IARPA in the News

NBC News

In Steven Spielberg's futuristic "Minority Report," Tom Cruise's character sees a custom ad for Guinness after his face is scanned in the year 2054. Similar technology, however, isn't science fiction. The Samsung Galaxy Nexus let people unlock their phones with a glance in 2011, while Apple was awarded a patent on Tuesday for facial recognition technology that could find its way into a future iPhone. Tesco has already installed high-tech screens at some of its gas stations in the U.K. that serve up custom ads after determining a person's gender and approximate age. And in September, Facebook announced that it might expand the use of its facial recognition software to help tag photos of its more than 1 billion members.


In my Insights piece last week, “Is Innovation Predictable?”, I had mentioned innovation analytics (or what should be more precisely termed as meta innovation analytics) though, regretfully, given that important area a short shrift. As it so happened, a commenter on that post mentioned the Soviet TRIZ system (h/t Etaoin Shrdlu) which could very well have been the world’s first meta innovation analysis framework. So as a follow-up to my last week’s post, today I want to talk about how innovation can be predicted (as opposed to whether we can predict innovation) in terms of such frameworks.

International Science Times

Facial recognition has become an increasingly common element in security surveillance, enabling identification of faces in images taken from a distance and in a crowd. But facial recognition is just a step along the way to more and better identification techniques being sought by the U.S. government's Intelligence Advanced Research Projects Activity (IARPA). The agency has challenged top research teams to revolutionize how machines recognize people with a competition announced Nov. 8, according to New Scientist magazine.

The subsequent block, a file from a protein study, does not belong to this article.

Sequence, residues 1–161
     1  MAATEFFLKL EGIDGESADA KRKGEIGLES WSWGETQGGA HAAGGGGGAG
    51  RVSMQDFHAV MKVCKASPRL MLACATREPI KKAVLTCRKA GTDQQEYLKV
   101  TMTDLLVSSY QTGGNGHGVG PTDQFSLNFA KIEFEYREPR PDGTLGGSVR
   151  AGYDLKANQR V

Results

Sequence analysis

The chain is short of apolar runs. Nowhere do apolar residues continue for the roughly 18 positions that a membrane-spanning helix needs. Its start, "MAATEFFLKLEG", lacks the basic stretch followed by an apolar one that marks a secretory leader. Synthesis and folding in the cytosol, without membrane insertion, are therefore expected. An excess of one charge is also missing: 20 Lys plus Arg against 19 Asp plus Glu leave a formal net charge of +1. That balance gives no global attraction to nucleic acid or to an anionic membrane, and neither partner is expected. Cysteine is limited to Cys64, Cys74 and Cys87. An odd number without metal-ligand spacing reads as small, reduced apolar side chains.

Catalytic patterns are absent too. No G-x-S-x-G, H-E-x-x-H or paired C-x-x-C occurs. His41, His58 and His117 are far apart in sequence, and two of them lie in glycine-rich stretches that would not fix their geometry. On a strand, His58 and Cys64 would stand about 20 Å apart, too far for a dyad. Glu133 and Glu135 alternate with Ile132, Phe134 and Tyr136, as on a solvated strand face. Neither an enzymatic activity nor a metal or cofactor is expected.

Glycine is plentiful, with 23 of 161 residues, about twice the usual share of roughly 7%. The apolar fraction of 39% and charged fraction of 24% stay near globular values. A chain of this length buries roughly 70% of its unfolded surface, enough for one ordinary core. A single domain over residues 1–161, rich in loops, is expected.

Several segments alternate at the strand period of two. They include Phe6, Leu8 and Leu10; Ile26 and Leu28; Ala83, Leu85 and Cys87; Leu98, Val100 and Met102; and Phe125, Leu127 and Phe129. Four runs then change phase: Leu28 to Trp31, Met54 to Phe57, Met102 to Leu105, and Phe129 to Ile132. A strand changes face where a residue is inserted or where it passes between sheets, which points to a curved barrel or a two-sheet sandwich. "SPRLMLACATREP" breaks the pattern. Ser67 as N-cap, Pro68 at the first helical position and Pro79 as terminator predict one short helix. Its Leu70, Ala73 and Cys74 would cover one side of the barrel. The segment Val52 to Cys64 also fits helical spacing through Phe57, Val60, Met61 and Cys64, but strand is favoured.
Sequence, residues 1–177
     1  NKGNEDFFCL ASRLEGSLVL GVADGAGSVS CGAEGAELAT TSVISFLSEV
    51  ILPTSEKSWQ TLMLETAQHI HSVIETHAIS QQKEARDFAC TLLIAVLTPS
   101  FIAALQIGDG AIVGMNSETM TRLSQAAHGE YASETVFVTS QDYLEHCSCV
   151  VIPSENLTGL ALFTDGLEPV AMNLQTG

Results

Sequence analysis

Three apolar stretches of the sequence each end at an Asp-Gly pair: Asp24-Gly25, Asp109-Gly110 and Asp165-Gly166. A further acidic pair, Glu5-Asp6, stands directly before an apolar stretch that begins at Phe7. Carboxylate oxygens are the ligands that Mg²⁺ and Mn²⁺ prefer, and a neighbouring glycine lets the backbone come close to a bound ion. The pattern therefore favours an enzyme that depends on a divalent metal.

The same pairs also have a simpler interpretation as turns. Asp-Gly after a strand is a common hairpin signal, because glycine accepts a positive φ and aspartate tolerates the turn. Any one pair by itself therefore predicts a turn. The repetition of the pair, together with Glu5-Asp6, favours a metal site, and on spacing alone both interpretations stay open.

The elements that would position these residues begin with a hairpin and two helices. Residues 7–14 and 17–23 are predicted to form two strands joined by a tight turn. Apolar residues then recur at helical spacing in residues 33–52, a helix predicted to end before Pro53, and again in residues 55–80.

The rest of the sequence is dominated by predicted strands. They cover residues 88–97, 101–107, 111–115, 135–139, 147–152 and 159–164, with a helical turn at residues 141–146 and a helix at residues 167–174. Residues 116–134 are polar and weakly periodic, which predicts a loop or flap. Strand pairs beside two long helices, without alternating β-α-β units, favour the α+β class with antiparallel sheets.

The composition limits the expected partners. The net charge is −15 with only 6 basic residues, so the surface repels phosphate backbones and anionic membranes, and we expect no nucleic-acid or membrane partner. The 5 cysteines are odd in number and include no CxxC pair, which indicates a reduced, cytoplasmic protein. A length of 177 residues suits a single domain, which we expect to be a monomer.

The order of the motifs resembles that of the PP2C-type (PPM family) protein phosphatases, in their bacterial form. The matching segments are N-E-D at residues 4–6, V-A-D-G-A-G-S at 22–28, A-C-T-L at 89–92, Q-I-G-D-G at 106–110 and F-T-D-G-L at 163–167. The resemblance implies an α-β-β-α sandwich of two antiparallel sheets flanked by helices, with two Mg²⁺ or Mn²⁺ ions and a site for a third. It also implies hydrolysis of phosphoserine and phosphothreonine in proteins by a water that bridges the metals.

CAMERAS are strewn around our environment, catching glimpses of our faces everywhere we go, yet even the best facial recognition technology still has a hard time picking us out of the crowd. So the US government's Intelligence Advanced Research Projects Activity (IARPA) has called for a new approach. The agency announced a contest on 8 November, challenging teams of the country's top researchers to revolutionise how machines recognise people. Those entering the competition already know that conventional facial recognition won't cut it.


Cups are for drinking and can hold water, tea or coffee. That is how our brain conceptualizes entities and their relationships and properties. Our brain uses its relationship of conceptual knowledge to solve problems and make inferences. Now, when you think national intelligence, your first conceptualization probably isn’t the Intelligence Advanced Research Projects Activity, but the agency within the Office of the Director of National Intelligence announced Nov. 26 it is embarking on a multiyear research effort to learn more about how our brain represents conceptual knowledge.


The Intelligence Advanced Research Projects Activity has launched a research project to explore the human brain’s conceptual knowledge in a move aimed at helping the intelligence community analyze data. IARPA intends for the multi-year Knowledge Representation in Neural Systems program to identify how the brain organizes conceptual knowledge in order to build new tools and techniques for intelligence analysts and linguists, the Office of the Director of National Intelligence said Monday.

The New Yorker

In 1982, the decision analysts Marc Alpert and Howard Raiffa asked students in their classes at Harvard to estimate figures like the number of eggs produced daily in the United States. They were each asked to give a range so wide that they believed there was a ninety-eight-per-cent chance it would include the right answer. Instead, the correct figures fell inside the students’ ranges less than a third of the time.